A thoroughly modern latke

A thoroughly modern latke

© Helen Rosner / Bonnier © Helen Rosner / Bonnier

By Sophie Brickman

Around this time of year, in an age-old tradition that connects Jews through the centuries, the latke makers of the world start doing their hand exercises.

There's a lot of grating, squeezing, and flipping to be done for the Celebration of Light, and only the best cooks will hit the trifecta of latke perfection: crispy, fluffy, not too greasy.

But what if there were no grating? No squeezing? Just a simple recipe, the majority of which could be done not just days but months before, with a guarantee you'll hit perfection every time?

Enter Nathan Myhrvold and his team of culinary wizards, creators of the six-volume, high-science mega-reference Modernist Cuisine: The Art and Science of Cooking, and the more accessible volume, Modernist Cuisine at Home.

Their latest development, no centrifuge required, is the modern latke. Sounds about as oxymoronic as jumbo shrimp? Perhaps, but by using ingredients you can find at your local grocery store, you too can enjoy the most recent evolutionary leap of the humble potato pancake.

Scott Heimendinger, the director of applied research for the Modernist Cuisine Culinary Lab, used to make latkes with his mother every Hannukah and remembers the process of grating as largely one of "trying to keep the skin on my knuckles."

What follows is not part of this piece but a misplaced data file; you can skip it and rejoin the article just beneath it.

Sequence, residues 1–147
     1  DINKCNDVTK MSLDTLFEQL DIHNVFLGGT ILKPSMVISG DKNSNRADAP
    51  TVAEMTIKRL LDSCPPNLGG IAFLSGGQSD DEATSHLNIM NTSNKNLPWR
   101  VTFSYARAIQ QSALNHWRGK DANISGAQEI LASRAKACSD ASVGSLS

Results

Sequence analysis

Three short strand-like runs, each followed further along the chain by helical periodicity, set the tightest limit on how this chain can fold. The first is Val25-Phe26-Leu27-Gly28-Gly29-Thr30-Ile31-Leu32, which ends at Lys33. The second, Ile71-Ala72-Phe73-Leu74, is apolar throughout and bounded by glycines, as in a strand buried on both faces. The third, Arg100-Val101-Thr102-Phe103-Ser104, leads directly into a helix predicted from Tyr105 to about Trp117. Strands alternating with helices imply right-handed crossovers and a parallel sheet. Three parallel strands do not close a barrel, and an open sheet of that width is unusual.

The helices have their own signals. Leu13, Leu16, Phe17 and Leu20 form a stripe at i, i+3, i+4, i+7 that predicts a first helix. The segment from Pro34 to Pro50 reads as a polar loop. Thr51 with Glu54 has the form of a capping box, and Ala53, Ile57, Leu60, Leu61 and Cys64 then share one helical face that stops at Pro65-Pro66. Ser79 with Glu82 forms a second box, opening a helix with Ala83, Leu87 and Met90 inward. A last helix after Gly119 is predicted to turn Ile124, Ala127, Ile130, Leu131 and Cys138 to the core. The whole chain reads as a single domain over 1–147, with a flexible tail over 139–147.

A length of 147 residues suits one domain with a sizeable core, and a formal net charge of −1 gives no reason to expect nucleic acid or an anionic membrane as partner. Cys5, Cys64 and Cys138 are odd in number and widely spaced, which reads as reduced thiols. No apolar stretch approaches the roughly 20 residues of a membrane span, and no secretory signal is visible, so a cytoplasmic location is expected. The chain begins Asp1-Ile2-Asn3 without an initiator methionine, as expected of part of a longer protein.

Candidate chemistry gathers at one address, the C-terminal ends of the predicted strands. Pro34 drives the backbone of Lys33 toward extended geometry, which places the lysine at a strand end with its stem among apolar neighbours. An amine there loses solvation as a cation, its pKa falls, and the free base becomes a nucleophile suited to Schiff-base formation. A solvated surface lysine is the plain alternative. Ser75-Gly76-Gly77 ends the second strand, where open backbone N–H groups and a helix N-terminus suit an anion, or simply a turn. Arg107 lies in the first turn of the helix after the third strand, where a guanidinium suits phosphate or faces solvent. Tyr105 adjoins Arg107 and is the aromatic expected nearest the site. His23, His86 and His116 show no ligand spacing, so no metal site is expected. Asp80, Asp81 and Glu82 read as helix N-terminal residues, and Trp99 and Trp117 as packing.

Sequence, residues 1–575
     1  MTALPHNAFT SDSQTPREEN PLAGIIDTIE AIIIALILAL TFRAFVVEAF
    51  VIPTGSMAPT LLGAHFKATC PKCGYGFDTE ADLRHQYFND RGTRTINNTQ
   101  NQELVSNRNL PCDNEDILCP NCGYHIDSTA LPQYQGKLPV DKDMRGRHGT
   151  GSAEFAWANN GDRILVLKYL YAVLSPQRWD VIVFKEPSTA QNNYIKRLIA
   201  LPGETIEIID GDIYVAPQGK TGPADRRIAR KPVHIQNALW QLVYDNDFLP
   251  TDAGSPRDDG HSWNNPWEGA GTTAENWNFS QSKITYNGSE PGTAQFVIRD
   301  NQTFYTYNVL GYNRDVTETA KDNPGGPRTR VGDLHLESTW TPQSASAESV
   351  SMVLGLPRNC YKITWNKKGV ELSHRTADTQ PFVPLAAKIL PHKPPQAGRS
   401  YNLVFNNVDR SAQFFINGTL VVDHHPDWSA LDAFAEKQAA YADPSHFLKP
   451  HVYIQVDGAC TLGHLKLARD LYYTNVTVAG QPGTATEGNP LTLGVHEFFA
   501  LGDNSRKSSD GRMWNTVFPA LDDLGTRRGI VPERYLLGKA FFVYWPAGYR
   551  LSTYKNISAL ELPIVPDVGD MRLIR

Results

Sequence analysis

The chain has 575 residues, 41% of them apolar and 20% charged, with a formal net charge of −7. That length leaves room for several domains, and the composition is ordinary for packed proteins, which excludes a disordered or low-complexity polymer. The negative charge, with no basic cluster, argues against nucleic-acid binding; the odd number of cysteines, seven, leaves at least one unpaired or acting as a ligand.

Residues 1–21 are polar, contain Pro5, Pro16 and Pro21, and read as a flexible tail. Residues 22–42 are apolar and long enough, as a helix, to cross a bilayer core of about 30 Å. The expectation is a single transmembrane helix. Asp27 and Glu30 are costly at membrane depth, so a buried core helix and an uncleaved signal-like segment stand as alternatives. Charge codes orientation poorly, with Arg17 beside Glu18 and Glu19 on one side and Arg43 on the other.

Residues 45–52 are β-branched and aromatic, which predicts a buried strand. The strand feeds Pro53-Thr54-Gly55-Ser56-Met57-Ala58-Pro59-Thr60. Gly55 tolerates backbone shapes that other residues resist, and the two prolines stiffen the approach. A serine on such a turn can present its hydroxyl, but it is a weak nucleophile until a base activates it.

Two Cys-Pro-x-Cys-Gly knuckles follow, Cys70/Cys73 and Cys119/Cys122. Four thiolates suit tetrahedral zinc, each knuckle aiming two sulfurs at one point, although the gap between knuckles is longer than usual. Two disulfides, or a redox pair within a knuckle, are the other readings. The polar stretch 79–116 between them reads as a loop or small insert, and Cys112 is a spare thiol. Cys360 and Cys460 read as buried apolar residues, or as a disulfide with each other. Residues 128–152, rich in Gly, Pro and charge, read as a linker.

But even a perfectly grated batch of potatoes doesn't guarantee a crisp end product. As Heimendinger explained to me, "you're battling two forces" with the latke: water and starch.

Grated potatoes exude lots of water, an enemy to crispness, which is why wringing them dry is such an important step in the classic recipe. Then, there's the starch: When potatoes are cooked, their starch gelatinizes. In order to get the crisp exterior of, say, a French fry, many cooks fry twice. The first fry turns the exterior starch into gel, then that dries and crisps during the second dip.

The Modernist Cuisine recipe gets rid of all three of the hurdles of the traditional latke: grating is nixed entirely thanks to a mashed potato filling, which also eliminates the need for draining out extra water.

And for a flawlessly crisp exterior, the latke's exterior is made of a combination of potato starch and instant mashed potato flakes, which have already reached the starch-gel phase. As such, the first fry begets a flawless exterior, no additional trips to the oil necessary.

It may not be traditional, but if you like a crispy, golden-brown exterior and a soft, fluffy interior, this is for you.

See the recipe for Modernist Latkes »  


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